Holiday Packages Tempt Thieves

Daniel Brendoff sorts boxes before loading them onto trucks for shipping at's fulfillment Center in Fernley, Nevada. (Ken James/Bloomberg News)

Minneapolis, MN-  Online shopping is now a regular part of Americans’ lives during the holidays.  Fortune Magazine reports digital shopping will hit $96 billion this year.  But shoppers beware:  all those packages being delivered to front door steps during the holiday season provide a welcome target for thieves.

KMSP Fox 9 reports  police arrested three men for burglary in New Brighton, Minnesota. According to Fox 9:  Investigators say three men arrested for burglary in New Brighton, Minnesota, have also been stealing packages off doorsteps in northeast Minneapolis.

Mohamed Adan, Abshir Ali and Yusef Ali were arrested last week after an attempted burglary in New Brighton.

Police attributed their success in apprehending the thieves to photos posted on a community Facebook page that led them to the suspects:

There was some great information out there on Northeast Minneapolis Crime Facebook page with not just pictures of the suspect vehicle, but the suspect as well, ” said New Brighton Director of Public Safety Tony Paetznick. (KMSP)

Posts on the “East Side Crime Watchers” Facebook page show that Minneapolis isn’t the only area in the Twin Cities experiencing holiday gifts and packages theft.


Video from post:

Other posts on the East Side Crime Watchers Facebook page include a plea for help in finding package thieves in November.


NBC News has published “7 Ways to Avoid Package Theft During the Holidays” with the following tips:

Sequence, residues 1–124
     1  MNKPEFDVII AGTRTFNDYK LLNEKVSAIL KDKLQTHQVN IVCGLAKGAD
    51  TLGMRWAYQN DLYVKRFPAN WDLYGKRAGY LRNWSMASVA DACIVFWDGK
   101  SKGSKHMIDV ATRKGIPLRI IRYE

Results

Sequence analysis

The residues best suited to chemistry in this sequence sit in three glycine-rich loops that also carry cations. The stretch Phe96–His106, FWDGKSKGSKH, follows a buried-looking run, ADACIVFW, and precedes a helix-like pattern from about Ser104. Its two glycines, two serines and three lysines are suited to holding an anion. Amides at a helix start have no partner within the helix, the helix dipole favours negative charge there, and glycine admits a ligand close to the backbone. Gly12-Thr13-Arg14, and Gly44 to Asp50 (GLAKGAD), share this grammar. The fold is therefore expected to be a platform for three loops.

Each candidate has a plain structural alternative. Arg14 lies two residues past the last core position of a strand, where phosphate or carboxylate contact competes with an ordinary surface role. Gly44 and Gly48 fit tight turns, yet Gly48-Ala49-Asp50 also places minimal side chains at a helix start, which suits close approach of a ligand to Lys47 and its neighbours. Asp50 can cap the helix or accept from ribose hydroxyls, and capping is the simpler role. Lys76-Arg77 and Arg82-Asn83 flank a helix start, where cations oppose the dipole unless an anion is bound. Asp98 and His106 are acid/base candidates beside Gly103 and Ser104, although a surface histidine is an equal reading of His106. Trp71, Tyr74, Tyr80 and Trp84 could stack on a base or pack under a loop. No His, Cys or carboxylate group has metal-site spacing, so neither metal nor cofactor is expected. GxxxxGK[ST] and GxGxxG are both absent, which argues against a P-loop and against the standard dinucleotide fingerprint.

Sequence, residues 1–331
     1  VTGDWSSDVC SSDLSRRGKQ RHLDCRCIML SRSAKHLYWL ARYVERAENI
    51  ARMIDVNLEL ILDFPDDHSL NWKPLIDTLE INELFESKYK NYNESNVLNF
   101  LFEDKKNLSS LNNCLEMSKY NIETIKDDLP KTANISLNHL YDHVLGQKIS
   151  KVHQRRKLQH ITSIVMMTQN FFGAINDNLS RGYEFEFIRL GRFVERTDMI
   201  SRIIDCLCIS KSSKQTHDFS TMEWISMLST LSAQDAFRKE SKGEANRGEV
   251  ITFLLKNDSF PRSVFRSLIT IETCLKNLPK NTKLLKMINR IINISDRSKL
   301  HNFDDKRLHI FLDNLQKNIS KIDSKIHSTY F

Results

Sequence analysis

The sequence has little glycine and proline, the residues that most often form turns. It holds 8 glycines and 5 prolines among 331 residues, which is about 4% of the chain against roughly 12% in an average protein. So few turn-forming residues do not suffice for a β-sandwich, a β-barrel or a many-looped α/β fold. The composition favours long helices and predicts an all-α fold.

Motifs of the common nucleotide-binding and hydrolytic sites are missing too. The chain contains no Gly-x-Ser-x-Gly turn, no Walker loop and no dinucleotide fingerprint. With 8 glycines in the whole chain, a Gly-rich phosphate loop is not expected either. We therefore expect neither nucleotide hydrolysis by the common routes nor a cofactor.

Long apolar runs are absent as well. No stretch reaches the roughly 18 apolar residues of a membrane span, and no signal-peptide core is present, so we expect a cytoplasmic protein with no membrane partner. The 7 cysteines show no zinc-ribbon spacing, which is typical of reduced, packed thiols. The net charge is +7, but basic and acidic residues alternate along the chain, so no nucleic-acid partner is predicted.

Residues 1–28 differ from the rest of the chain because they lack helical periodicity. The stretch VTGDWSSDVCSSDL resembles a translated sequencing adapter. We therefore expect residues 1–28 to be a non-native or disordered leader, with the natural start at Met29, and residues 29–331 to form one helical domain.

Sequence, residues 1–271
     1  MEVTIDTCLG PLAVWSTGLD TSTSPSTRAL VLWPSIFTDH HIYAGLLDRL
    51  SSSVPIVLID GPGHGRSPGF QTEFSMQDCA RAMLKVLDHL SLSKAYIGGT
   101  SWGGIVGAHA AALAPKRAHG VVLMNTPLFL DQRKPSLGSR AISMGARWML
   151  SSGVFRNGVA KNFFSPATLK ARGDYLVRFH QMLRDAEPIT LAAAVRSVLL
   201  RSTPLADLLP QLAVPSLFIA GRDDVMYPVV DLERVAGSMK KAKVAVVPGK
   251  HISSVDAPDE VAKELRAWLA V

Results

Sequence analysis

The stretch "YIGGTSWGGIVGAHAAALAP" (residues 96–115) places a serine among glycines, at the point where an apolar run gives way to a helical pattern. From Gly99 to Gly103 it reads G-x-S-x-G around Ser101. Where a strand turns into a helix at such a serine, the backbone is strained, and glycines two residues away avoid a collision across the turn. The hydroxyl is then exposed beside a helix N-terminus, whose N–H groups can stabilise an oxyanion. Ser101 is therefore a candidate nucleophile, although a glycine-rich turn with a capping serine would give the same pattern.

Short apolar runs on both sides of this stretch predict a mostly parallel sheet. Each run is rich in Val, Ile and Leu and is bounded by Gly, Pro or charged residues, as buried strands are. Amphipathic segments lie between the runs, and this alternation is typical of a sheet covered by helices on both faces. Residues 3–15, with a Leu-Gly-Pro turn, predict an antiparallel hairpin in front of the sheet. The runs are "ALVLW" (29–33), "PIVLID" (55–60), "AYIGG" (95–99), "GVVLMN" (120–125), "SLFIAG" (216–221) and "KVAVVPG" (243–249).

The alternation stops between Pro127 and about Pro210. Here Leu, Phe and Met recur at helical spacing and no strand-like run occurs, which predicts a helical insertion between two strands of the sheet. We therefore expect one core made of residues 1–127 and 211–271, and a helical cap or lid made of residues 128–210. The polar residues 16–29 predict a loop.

1. Ask for a tracking number to know when your package is delivered. Track your packages and try to be home at the time of delivery, the Alexandria Police Department suggests. When you’re placing an order, try to schedule shipment for a day you expect to be home, if possible.
  1. Not sure if you’ll be available for your tracked package’s delivery? FedEx and United States Postal Service (USPS) suggest scheduling your delivery beforehand to set a time you know you’ll be home.
  1. FedEx also suggests requesting a signature for delivery. This will ensure the package won’t be left at your door without you there to sign and bring it safely inside.
  1. Want your package placed at the back door or behind a porch plant instead? Leave a note specifying what less conspicuous spot you would like it left. The FedEx Delivery Manager lets you leave delivery instructions on where you want your deliveries to be dropped off.
  1. Have your packages delivered somewhere else. If you know you won’t be home when your package will be delivered, FedEx and United Parcel Service (UPS) tell you to opt for delivering it to a neighbor who is home or to your workplace, if allowed.
  1. Another option is to deliver your packages to a retail store or locker, where they’ll stay safe until you can pick them up at your convenience. Many retailers will let you place online orders and then pick up your items in the store. You can also look into the Amazon Locker service, which delivers Amazon orders to a “locker” in your area; you’re provided a pickup code that will unlock the door for you. And the U.S. Postal Service suggests taking advantage of their Request Hold Mail service, which securely holds letters and packages at your local post office until you’re back in town. FedEx and UPS also have similar location delivery services.

7. UPS suggests signing up for a service called “UPS My Choice,” which allows users to request their packages to be held at a UPS store for pick-up and more. You can control the service through text or email; it includes features such as delivery notices and the option to re-route your packages to a different address if you won’t be home. You can also re-route your packages using the FedEx Delivery Manager.

Andrea Mayer-Bruestle

Andrea Mayer-Bruestle is a former writer for Alpha News.